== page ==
combo in the maindeck and preparing things for the so-called fair decks of Legacy. Lots of board control and creature kill, little disruption for
everything else. One tool of particular interest in this context is Chalice of the Void. Chalice is awesome against most fair decks due to Legacy’s low
mana curves, and it’s even better against the format’s combo decks because those are most dependent on their cantrips to actually find the pieces they need
(not to mention that oftentimes the combo-process itself involves a number of one mana spells). Chalice would make sense particularly because, as I already
mentioned last time, the deck already has a strong focus on the two-drops, with relatively little going on for one mana.
Finally, we have the option of moving towards a lategame-centric midrange deck that uses a fluid mix of disruption and threats to make the game long enough
for its high-value threats or the Loam engine to take things over.
Note that all of these are essentially variations of the same theme, so all the lists today should look quite similar.
Option I: Discard into Threat
What we’re looking for here is a heavy discard complement to lead us into a slightly extended base of threats that are strong on their own and reasonably
hard to answer while also remaining somewhat synergistic with Smallpox and the Loam engine. We already want to play Liliana of the Veil, and there are two
options that immediately come to mind as a result of the white splash: Lingering Souls and Knight of the Reliquary. What could a list incorporating these
cards look like?
This discard package is big enough for us to reasonably expect casting copies on both turns 1 and 2, and with six spot discard spells to check our
opponent’s hand, Cabal Therapy should be on its A game here. Note that we really want a Dryad Arbor to complement those Therapies.
4 Pack Rat
Our threats; synergistic with Loam, strong and reasonably resilient on their own with Grisly Salvage to help us find them in time.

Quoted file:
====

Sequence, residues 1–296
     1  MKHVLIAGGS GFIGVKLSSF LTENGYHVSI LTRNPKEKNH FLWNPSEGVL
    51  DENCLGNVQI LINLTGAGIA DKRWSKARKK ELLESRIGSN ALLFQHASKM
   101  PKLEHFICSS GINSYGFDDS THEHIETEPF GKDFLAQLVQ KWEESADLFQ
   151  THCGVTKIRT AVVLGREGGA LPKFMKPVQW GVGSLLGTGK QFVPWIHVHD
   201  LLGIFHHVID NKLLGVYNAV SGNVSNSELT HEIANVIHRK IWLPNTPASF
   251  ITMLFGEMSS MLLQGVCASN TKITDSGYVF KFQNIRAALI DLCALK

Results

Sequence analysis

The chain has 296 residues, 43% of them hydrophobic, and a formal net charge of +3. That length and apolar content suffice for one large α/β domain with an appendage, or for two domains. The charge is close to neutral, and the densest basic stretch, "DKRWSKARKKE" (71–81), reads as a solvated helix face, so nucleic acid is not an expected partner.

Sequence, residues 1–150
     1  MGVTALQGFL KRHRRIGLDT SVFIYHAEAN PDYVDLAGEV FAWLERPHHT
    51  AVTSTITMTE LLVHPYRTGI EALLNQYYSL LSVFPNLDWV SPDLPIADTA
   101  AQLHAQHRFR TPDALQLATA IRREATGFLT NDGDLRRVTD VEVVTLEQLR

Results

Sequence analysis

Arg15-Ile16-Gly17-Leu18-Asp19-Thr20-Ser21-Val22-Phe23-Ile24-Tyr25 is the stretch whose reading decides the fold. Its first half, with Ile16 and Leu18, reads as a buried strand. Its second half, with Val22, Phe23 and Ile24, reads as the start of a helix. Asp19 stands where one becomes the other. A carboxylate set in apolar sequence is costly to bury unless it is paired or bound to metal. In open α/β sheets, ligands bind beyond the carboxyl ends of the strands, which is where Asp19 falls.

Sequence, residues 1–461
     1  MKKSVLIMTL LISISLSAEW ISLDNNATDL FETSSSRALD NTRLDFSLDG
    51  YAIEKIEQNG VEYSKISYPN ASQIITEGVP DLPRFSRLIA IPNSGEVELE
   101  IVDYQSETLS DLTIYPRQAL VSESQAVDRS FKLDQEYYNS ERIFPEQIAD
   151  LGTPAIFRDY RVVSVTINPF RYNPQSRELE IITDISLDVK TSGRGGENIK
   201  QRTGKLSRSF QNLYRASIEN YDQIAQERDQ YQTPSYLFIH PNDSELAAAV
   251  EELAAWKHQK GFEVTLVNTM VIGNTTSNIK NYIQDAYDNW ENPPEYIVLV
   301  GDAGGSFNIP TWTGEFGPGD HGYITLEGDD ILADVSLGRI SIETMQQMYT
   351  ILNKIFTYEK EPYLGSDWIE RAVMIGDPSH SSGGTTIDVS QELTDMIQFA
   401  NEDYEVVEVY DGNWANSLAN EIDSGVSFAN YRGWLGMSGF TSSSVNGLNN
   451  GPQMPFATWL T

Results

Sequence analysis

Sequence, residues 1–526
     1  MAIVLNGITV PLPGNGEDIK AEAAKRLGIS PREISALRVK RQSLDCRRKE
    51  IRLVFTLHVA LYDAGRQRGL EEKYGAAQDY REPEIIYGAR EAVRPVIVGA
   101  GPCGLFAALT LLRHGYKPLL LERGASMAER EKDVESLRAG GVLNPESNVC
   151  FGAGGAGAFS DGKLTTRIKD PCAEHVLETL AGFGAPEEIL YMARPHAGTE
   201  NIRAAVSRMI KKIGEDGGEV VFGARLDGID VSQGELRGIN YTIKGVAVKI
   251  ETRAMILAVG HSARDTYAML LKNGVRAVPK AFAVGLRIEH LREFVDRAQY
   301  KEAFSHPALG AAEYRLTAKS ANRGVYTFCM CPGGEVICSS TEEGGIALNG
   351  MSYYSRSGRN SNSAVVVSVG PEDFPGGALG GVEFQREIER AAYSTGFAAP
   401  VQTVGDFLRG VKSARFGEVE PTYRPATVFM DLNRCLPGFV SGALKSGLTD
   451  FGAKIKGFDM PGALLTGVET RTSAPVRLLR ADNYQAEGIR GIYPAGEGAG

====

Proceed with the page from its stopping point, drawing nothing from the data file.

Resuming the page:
The Loam core that ensures our lategame is awesome. After last week’s experience, I don’t think the cycling lands are negotiable.
Our removal suite, allowing us to answer almost any permanent with the exception of non-creatures that cost four or more. That’s 51 cards which, even
including five lands, is more than we can hope to fit into the deck, especially given that we’re almost guaranteed to run five colorless lands in Wasteland
and a Volrath’s Stronghold. Time to go to the cutting room – and that’s where the problem comes up. If we honestly start cutting from this list, either our
“discard into threat” gameplan or Smallpox inevitably ends up on the chopping block given that we need to get rid of nine or ten cards.
In short, even just building the deck indicates that there might be a decent Abzan Loam deck to be built here, but it can also mean that said deck likely
doesn’t incorporate the LoamPox strategy we’re trying to work on. The deck is just better off doing its own thing, not poxing people.
Option II: That Other Resource
So if discard just leads us to abandoning our chosen strategy, how about focusing on supporting what is both the strongest and weakest element of Smallpox:
the land destruction aspect. Depending on the gamestate, Smallpox killing a land in addition to a creature reaches from a minor annoyance to a
game-deciding sacrifice. So let’s try to make it the latter as often as possible and just strand our opponents with dead cards in hand instead of useless